Thistle – Weed ID

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Thistle is hard to miss with it’s large growth pattern and aggressive spines. It will bloom in it’s second year of growth and is easily spotted from a distance. Thistle may be beneficial to pollinators, but it is best when it is not found in pastures or hayfields. Livestock do not usually eat thistle at all, and if they do, they are not able to consume enough to provide any sort of benefit. Thistle populations grow rapidly as they produce as many as 4,000 seeds from one single plant. If thistle is not controlled, it will reduce the productivity of your forages and ultimately impact your bottom line. This is why it is most beneficial to start scouting for thistle early and continue to do so in years to come.

While thistle comes in a variety of shapes, sizes, names, species, etc., control methods remain similar. For optimum control, it is important to understand that thistle is a biennial plant. This means that it is actively growing in it’s first year of life and produces seed in the second year. During it’s first year of growth, the thistle plant is in the rosette stage, as pictured below in Fig. 1. In the second year, thistle is considering to be “bolting” and then “flowering”, as pictured below in Fig. 2 & 3.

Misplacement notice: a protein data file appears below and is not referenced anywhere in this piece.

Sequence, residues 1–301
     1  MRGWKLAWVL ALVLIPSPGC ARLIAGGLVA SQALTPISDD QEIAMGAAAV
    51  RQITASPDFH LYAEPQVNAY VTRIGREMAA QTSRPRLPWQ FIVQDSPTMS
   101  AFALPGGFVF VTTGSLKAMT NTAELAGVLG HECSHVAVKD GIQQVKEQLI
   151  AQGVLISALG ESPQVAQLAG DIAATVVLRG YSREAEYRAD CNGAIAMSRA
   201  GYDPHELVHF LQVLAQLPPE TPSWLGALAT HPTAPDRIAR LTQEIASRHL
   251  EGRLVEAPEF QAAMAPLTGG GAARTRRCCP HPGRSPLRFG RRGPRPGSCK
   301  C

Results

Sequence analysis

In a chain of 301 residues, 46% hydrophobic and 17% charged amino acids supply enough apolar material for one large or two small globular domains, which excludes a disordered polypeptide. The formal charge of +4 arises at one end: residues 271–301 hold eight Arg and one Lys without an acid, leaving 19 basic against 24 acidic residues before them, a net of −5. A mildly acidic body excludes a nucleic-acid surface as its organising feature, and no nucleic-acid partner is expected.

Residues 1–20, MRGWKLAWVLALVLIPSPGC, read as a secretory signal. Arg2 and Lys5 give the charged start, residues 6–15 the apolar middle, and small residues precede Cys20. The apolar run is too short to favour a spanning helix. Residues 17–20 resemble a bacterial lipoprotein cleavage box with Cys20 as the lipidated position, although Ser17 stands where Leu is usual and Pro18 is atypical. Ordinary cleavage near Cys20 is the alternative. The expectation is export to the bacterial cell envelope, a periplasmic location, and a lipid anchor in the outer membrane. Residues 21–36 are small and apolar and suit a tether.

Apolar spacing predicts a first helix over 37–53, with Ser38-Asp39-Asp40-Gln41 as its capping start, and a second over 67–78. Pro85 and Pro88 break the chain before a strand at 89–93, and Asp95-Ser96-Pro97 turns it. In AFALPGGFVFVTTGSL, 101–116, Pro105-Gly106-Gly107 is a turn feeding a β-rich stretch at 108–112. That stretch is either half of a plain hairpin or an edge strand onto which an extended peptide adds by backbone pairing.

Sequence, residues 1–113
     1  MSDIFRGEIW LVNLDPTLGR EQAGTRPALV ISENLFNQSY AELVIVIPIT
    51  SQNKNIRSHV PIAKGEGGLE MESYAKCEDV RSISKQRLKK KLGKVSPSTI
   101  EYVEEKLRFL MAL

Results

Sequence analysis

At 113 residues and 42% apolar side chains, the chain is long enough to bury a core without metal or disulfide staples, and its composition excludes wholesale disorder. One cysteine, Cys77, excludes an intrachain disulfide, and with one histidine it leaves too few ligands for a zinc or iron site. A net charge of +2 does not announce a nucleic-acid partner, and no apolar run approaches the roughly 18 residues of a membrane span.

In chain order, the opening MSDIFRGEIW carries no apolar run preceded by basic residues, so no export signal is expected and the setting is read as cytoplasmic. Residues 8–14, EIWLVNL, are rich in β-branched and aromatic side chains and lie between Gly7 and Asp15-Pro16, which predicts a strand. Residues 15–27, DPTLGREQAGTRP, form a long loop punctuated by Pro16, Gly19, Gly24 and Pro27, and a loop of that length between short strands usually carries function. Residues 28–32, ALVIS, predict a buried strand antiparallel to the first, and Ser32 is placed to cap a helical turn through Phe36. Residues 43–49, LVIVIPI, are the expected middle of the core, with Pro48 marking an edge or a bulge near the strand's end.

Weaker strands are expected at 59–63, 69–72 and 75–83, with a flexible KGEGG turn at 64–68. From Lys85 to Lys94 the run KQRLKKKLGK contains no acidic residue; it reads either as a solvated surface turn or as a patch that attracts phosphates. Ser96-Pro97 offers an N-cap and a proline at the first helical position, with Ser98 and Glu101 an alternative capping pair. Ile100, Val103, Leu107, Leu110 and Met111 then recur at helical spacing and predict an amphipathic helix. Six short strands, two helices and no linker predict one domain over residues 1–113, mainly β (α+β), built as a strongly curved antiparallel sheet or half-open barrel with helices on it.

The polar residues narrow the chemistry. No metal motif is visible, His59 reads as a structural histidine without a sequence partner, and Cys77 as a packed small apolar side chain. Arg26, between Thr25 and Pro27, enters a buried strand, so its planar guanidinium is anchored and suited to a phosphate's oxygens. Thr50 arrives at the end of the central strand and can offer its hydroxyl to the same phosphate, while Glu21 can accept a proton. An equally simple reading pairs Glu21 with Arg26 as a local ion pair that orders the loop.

Thistle in Rosette Stage

Fig. 1 Thistle in Rosette Stage

Thistle in bolting stage

Fig. 2 Thistle in bolting stage

Pre-bloom thistle

Fig. 3 Pre-bloom thistle

Timing of control and stage of growth have everything to do with what your best option may be.


  • Digging, pulling up, removing the root from below the soil’s surface.
  • Only effective if before bloom.
  • Only practical and feasible if small quantity of thistle.
  • If you find a plant with flowers about to bloom, clipping those blooms off and disposing of them (do not leave laying in the pasture) will at least reduce the number of seeds produced that growing season but additional measures may need to be taken.


  • Does not effectively control thistle in the rosette stage as it does not kill the root.
  • It is best to mow when plants are in the bolting stage (growing upright). This prevents them from being able to bloom.
  • The limitation is that not all thistles bolt and bloom at similar times. You will also be mowing in April-June for thistle control. This may interfere with hay production or grazing plans.
  • Mowing will have to be done multiple times and a few years in a row to see effective control.


  • Most effective when in the rosette stage. Rosettes respond well to chemical control and are more easily controlled using an herbicide than in comparison to mowing or manual control.
  • Timing is everything because if plants are allowed to grow into the bolting or flowering stage, the effectiveness of herbicide treatments reduces greatly.

Please read and follow all labels on any product you use.

Written By

Abby Whitaker, N.C. Cooperative ExtensionAbby WhitakerExtension Agent, Agriculture - Livestock and Forage Crops Call Abby E-mail Abby N.C. Cooperative Extension, Rockingham County Center
Updated on May 7, 2020
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